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The Use of Nuclear Explosives To Disrupt or Divert Asteroids

Discussion in 'Science' started by Goth, Nov 29, 2008.

  1. Goth

    Goth Grumpy Member

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    So, one day, some Google employees were sitting around thinking, well, we totally don't want to sit through another seminar on testing Ajax applications, or some shit.

    So, what other subject could we have a talk on? Oh, how about the use of nuclear explosives to disrupt or divert dangerous near-Earth asteroids! That's important, valuable information for Google employees to be briefed on!



    Very interesting stuff.

    What we have here is a nice little review of all aspects of detecting, studying, characterising, tracking and deflecting or destroying potentially dangerous near-Earth objects.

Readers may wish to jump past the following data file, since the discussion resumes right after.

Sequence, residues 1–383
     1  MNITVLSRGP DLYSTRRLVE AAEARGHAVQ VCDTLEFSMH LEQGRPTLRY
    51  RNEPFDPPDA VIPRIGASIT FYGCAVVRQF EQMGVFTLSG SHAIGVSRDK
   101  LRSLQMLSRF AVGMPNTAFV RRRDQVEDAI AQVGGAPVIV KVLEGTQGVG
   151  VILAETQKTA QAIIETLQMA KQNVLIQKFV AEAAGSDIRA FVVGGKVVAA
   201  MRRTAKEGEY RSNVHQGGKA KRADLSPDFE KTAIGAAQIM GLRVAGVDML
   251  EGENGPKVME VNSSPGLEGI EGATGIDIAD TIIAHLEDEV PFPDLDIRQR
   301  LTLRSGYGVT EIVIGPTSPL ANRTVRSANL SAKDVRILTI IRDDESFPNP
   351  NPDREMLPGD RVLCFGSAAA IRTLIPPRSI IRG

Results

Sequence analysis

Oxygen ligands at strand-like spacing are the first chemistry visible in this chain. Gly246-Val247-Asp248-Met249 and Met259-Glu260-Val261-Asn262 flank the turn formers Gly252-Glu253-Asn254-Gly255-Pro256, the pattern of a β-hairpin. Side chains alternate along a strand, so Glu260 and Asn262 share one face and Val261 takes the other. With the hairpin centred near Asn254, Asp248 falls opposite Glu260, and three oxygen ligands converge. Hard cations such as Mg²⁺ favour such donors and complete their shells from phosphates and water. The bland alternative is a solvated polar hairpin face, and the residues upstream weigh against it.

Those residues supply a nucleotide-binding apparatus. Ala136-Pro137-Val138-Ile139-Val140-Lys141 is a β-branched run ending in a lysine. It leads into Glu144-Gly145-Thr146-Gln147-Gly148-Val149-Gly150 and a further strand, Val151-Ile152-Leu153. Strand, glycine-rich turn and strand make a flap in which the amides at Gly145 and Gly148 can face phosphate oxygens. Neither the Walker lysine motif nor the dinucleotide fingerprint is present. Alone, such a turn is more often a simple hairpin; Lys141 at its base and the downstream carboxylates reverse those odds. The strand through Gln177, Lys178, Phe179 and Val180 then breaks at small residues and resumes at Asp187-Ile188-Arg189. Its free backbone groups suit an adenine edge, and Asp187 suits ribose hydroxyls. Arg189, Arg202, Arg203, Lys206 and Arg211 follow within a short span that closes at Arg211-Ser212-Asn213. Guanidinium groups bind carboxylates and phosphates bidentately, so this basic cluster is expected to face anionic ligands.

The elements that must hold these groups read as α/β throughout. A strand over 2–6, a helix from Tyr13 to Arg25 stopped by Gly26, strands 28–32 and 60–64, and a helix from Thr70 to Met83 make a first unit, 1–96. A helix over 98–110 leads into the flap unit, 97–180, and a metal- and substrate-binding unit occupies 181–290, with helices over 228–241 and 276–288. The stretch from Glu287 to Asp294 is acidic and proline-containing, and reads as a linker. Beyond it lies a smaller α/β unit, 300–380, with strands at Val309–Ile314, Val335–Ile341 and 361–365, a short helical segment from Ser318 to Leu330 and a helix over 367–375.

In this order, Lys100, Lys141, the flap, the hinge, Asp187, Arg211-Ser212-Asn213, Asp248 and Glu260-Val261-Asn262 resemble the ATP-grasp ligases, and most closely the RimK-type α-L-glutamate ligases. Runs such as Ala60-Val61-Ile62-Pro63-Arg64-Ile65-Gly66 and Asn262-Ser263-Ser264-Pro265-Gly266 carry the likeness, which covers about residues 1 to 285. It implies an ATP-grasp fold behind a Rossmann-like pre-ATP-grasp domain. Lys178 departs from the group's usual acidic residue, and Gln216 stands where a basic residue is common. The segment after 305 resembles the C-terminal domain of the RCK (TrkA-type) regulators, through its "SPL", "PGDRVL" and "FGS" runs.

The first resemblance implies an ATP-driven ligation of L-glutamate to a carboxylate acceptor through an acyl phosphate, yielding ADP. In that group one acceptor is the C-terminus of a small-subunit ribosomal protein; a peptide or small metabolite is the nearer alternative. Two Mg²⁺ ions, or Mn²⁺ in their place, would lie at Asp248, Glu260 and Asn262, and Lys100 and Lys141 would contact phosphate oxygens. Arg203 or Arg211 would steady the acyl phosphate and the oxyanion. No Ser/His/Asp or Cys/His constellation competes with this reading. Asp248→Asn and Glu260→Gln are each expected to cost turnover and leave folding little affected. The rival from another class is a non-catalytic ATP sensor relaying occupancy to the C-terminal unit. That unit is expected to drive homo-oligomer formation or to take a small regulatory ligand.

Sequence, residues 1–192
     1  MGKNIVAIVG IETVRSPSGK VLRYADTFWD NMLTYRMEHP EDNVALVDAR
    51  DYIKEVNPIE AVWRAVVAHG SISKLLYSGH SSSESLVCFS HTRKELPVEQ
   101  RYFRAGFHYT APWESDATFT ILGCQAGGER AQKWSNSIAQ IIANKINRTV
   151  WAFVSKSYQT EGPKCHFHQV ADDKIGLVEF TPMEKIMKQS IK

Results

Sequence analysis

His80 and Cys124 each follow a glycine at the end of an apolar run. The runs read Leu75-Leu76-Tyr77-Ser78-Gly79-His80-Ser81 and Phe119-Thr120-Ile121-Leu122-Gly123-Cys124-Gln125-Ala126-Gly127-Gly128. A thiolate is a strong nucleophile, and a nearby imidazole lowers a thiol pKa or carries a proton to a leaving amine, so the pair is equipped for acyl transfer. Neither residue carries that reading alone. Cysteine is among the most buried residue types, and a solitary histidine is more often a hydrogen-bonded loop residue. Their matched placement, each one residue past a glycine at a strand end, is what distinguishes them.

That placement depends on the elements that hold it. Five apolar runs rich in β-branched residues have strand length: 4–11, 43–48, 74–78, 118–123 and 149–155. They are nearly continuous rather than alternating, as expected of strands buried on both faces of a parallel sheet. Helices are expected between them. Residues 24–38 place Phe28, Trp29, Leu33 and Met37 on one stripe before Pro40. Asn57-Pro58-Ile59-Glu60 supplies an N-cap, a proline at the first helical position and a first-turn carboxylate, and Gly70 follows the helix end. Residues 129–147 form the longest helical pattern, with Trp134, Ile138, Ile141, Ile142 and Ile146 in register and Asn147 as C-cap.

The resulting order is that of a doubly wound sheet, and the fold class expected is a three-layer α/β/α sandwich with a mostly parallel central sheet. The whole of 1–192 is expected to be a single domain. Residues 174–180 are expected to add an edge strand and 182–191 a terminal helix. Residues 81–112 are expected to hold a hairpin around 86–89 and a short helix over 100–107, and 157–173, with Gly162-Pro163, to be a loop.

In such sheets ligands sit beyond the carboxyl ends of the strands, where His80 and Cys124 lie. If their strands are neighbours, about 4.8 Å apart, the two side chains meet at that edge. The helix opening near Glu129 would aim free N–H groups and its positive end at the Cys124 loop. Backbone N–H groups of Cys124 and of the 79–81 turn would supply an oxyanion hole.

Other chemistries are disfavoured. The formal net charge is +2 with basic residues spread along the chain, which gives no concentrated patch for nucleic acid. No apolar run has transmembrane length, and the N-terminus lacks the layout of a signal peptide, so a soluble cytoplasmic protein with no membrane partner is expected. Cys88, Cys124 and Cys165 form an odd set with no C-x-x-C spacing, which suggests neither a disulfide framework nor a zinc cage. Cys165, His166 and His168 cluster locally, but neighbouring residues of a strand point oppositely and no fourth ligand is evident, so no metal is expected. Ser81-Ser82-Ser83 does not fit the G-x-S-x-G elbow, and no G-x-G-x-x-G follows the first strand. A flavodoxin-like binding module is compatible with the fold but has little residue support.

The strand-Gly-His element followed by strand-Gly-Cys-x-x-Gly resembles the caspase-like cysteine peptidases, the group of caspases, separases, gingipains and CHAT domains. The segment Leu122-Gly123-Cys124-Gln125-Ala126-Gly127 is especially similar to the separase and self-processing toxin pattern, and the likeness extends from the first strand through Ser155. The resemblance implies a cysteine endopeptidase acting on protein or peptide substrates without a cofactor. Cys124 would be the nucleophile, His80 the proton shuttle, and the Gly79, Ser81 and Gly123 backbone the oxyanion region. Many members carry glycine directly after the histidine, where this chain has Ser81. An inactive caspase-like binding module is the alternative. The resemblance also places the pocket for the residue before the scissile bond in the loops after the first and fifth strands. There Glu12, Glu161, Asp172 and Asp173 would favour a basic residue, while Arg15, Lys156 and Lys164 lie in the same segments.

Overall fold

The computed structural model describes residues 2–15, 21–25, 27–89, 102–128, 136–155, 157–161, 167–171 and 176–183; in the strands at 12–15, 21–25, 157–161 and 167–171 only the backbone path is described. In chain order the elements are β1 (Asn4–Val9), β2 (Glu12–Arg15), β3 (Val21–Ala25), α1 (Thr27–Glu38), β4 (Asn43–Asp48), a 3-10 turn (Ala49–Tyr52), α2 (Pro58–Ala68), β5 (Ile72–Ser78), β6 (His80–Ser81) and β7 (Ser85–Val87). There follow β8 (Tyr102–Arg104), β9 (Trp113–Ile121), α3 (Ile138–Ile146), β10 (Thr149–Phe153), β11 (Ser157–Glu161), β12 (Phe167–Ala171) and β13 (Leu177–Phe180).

Certainly, over the last century, since the Tunguska event, and especially over the last 30 years with Alvarez's understanding of the K-T extinction, and the observation of the Shoemaker-Levy 9 collision, the potential for an impact event on the Earth, and what the ramifications of such an event could be, have been taken more seriously.

    Whilst such events have occurred throughout the history of the planet, it is only in our time, over the last 50 years, with our astronomy capabilities, space-based remote sensing, computational physics, spacecraft propulsion and nuclear weapons that we actually have the means to detect, characterise, and if necessary to destroy such an object.
     
  2. daztay

    daztay Member

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    Interesting watch